One of my very brilliant colleagues, Louise Fletcher (@louise_fletcher), just tweeted about a great article she penned on seven common mistakes made in creating a Linked In profile. I’ll add two more.
–Not having recommendations
Some recruiters will pass you by, not matter how great you are, simply because you do not have any third party endorsements attached to your Linked In profile. Not only “having” recommendations, but “how many” recommendations.
Another equally brilliant colleague, @CareerPro, tweeted this a few days ago …
A client just told me that for a VP of Finance interview the interviewer wanted xx amount of Linked In endorsements just to get past the screen. [emphasis mine]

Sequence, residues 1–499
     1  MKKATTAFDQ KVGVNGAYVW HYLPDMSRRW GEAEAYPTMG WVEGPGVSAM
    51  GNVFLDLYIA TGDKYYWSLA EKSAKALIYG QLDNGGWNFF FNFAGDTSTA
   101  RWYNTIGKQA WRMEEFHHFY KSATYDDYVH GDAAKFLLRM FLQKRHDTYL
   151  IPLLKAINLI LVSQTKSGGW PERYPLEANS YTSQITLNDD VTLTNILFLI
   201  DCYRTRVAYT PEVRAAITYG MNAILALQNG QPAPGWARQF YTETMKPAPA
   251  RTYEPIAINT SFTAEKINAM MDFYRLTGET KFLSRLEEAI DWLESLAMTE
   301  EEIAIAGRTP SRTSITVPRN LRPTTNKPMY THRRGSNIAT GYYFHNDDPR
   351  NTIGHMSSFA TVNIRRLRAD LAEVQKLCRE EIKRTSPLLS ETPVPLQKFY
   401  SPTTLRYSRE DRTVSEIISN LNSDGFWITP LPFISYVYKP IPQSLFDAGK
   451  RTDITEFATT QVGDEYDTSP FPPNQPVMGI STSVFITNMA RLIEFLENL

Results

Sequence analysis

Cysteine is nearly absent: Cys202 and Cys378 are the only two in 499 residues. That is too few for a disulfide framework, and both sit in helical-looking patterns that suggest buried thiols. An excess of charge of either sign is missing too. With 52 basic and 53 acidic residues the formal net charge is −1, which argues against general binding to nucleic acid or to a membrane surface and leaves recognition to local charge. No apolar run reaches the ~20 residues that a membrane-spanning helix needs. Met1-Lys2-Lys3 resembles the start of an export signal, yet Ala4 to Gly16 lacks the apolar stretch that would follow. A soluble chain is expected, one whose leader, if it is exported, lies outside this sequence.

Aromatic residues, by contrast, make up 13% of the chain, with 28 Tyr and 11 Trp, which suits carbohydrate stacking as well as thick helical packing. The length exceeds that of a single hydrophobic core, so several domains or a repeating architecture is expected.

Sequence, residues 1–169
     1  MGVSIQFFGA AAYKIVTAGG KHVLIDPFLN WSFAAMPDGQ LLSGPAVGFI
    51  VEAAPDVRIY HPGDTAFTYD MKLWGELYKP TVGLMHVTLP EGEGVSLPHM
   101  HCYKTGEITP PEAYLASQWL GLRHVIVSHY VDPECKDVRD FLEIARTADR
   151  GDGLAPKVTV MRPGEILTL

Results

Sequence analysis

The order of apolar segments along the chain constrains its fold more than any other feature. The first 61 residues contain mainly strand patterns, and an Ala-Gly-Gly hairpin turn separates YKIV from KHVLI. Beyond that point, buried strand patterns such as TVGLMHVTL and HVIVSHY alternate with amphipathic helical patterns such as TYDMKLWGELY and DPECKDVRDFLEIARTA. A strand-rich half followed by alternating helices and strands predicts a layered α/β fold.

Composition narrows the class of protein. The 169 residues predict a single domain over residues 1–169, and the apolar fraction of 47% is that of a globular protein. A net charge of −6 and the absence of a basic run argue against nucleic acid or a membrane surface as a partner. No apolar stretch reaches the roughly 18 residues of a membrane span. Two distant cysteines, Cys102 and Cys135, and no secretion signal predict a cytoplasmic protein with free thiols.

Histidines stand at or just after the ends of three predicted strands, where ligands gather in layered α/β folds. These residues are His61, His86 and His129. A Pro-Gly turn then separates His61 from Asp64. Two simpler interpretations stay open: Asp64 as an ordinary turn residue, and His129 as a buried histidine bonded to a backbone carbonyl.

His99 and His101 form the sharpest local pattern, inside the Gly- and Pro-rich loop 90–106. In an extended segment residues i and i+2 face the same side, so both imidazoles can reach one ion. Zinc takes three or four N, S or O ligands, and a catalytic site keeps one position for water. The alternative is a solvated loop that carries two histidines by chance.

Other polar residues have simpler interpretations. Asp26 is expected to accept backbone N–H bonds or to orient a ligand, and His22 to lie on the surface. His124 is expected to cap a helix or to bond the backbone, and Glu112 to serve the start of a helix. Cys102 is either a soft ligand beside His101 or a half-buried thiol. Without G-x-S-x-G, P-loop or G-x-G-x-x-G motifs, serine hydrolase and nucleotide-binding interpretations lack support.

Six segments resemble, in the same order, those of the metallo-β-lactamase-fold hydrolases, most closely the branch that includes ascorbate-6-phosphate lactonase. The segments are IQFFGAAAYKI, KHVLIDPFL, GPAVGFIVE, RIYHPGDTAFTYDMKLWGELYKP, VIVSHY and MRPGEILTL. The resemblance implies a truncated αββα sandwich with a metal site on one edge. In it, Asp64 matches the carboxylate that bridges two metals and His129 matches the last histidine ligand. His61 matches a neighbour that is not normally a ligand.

A sub-mistake of not having recommendations is to, upon reading this post, send an email out to everyone in your Linked In network asking for a recommendation. Please don’t. If I don’t know about your work, your attitude, your contributions – I sure can’t write a recommendation about it.
–Not being branded
If you aren’t unique and different, you are just … a commodity. I’m sure you know that commodities don’t hold much value these days. They are not only cheaper, but we will often hold out for a coupon or discount before making a commodity purchase, further devaluing it.
Branding touts what’s distinctive about the way you contribute. Rare – now that’s valuable!